A tale of two tents
A tale of two tents
Scott Dunlop
That terrible joke about the pair of wigwams- you’re too tense- is bound to come up when there is camping afoot. Parents seem to have very strong feelings about camping; either you’re a camper or you aren’t. I like the romantic notion of being at one with nature, but I think I still prefer a solid roof and soft bed. But having children means you don’t always have the luxury of doing things your way.

If you grew up camping you’ll have learned plenty of camping tricks and shortcuts over the years. Like not doing it when there’s a storm approaching and remembering toilet paper. Yes, a big leaf will never do what toilet paper does so efficiently. You may be fantastic at packing your tent, inflatable mattress, sleeping bag and cooking goodies within the space of 15 minutes and heading out on the open road, but not with kids.

I haven’t done much camping with my children. Just enough to give them the experience and to remember how painful it is. Waking up with a pebble sticking in your back, soft rain slashing the tent fabric and mud everywhere is enough to put anyone off. I’ve camped in constant rain- heading out into the dark to dig trenches around the tent and in sweltering sun which transforms even the most breathable material into a sauna.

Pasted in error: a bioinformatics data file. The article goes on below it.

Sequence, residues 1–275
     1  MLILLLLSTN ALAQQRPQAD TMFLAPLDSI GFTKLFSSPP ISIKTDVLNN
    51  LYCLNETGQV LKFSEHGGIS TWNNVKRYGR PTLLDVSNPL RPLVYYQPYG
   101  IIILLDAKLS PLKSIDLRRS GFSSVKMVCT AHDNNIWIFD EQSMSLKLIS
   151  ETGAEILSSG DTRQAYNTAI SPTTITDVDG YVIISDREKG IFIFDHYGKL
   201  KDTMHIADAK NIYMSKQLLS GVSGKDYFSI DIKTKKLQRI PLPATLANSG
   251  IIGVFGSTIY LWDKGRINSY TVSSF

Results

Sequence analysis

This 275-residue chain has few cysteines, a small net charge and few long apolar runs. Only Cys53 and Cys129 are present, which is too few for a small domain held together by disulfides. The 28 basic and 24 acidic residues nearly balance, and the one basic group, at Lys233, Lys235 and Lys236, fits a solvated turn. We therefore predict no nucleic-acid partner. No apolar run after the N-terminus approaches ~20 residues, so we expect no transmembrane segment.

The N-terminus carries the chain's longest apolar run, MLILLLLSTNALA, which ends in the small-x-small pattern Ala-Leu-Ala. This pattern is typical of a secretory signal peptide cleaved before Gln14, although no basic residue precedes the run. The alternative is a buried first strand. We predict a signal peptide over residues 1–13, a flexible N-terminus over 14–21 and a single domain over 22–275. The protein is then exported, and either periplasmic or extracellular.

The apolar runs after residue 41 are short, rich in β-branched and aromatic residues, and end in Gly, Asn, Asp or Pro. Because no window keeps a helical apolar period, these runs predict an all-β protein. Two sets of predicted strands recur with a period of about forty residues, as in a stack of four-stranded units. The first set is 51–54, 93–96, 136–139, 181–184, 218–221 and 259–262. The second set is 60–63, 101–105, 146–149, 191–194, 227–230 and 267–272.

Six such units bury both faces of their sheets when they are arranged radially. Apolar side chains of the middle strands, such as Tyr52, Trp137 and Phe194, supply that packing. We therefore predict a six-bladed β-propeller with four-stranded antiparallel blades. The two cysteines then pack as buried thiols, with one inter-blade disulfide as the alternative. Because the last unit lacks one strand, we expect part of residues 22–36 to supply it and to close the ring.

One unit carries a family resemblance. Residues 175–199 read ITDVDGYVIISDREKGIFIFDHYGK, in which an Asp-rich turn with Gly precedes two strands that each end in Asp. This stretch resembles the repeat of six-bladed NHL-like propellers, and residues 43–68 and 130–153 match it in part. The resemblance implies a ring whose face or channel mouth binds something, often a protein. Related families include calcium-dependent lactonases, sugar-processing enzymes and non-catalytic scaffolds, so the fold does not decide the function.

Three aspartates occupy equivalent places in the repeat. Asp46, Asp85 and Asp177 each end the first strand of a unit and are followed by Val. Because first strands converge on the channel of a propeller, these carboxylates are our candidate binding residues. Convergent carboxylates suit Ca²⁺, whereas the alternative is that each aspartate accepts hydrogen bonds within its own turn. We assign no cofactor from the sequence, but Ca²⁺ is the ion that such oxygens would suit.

Camping can be planned for days and you’ll still forget stuff. I’ve watched the batteries on my kid’s torches die after about fifteen minutes. Stumbled around trying to re-peg those all-important tent cords into the equivalent of granite. Put up unfamiliar tents in the dark while the kids argue about who gets to sleep where. Cooked braais in the pitch blackness, hoping that the food is cooked so we won’t all be hurtling to the dreadful ablutions block clutching the toilet paper we didn’t forget.

I get away with not camping much anymore because my kids do it at school. They pile into buses with their friends and get whisked away under the supervision of nervous-looking teachers. And return with tales of terrifying ghost stories, horror at porridge for breakfast and pride at learning to make their own fires.

They still find it a mystical experience to be out in the wild (well, in camp site dormitories) and seem to cope just fine without cell phones and TV. They don’t seem to mind the rough sleeping conditions- in fact, the only thing I need to watch out for when they return is that they’re always ratty as a result of staying up late whispering with their friends.

What’s even better, they also appreciate my cooking.

Yes, I think I do love camping, especially when they do it alone.

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